Merry Christmas and a happy 2015!


We have this plastic Christmas tree for ages, but his message is still actual! Merry Christmas and a happy new year from me and Kinne.

DevLearn evaluation: The gap is widening: We are in a crisis!


DevLearn 2014 is over. I’m sitting in the pool area of the Bellaggio hotel writing this evaluation. Beautiful wheater, the temperature is in the eighties (29 Celsius). In an hour I will leave for Indianapolis to visit a partner of easygenerator. I will go from crazy Halloween Vegas to a serene lake house and from 84 degrees to night frost. That is quite a difference to bridge. In a way this is an analogy for my experience at DevLearn and the state of our industry.

During DevLearn I found that there is a huge gap between the presenters and the audience. I did notice that gap at other conferences as well, but in my opinion that gap is widening. And I believe that the gap with the real world and the business reality is even bigger. Let me explain.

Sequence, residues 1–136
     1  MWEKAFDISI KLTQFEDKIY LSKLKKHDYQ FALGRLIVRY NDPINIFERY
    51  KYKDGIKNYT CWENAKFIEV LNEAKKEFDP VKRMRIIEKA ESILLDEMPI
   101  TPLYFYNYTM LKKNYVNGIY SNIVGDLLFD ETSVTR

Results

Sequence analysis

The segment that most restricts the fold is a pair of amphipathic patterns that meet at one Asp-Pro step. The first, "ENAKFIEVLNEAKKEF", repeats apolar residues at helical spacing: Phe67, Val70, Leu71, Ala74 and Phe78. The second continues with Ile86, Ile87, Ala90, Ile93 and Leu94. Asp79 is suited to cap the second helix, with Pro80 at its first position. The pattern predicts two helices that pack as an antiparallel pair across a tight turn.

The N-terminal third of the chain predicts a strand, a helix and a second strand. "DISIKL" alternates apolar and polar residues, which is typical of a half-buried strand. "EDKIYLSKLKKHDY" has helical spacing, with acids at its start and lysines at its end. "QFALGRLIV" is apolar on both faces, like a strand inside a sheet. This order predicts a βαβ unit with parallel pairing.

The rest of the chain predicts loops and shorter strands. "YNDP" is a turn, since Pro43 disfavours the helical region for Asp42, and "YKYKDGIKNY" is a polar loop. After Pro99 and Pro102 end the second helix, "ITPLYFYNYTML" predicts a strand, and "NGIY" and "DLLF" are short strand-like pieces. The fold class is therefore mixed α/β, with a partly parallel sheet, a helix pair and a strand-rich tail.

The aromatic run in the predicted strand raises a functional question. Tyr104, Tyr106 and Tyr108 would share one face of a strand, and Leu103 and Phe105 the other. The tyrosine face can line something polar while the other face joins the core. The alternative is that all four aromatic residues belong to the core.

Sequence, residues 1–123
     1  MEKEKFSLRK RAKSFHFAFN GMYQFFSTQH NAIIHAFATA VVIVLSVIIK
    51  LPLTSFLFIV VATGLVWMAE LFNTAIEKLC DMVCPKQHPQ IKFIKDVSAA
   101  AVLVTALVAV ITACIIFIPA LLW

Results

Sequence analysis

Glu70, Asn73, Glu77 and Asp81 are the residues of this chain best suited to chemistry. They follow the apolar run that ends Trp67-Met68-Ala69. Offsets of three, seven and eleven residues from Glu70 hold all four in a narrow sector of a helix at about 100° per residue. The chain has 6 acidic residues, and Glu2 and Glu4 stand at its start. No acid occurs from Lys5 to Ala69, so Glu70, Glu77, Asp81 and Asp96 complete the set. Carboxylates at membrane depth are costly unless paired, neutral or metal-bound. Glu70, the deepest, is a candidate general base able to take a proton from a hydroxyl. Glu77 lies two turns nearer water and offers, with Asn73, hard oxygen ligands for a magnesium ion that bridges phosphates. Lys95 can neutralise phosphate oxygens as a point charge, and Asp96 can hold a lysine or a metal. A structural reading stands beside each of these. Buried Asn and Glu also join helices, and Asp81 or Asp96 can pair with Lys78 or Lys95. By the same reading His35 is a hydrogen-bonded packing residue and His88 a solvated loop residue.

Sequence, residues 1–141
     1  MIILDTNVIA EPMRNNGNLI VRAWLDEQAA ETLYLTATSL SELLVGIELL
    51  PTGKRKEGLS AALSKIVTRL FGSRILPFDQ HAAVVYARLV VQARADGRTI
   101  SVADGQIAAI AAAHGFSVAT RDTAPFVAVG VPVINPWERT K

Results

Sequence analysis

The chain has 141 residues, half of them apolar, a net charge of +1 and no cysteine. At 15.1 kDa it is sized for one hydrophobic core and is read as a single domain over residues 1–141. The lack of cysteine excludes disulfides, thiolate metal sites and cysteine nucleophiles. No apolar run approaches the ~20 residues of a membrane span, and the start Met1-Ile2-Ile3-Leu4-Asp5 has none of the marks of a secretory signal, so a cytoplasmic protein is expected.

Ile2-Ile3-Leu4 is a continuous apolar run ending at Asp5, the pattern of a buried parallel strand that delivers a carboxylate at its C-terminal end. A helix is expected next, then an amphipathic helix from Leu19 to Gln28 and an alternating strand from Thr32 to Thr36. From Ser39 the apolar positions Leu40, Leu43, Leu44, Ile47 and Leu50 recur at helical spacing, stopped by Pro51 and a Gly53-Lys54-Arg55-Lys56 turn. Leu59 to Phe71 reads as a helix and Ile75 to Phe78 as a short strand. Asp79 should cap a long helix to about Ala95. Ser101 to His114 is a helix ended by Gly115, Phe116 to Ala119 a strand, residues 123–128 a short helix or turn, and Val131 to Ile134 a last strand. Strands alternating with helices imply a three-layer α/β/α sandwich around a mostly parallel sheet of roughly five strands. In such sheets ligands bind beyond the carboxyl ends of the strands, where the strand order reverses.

The majority of the presenters is telling the audience that we need to integrate learning into the business, that we need to move from courses to performance support and knowledge management, that we need to go from designed content to user generated courses. The audience are L&D managers that are planning next year’s curriculum and instructional designers that want to create pixel perfect courses. They hear these stories but it is my impression that many of them even do not know where to start. Maybe this is a bit black and white image of the reality, but I’m afraid that is not far off from the reality.

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Is this a bad thing? Yes and no. Yes because our industry is at risk becoming irrelevant to the business. No because a crisis is the only thing that will bring radical changes and in my mind we need at least radical changes, you might even call it a revolution.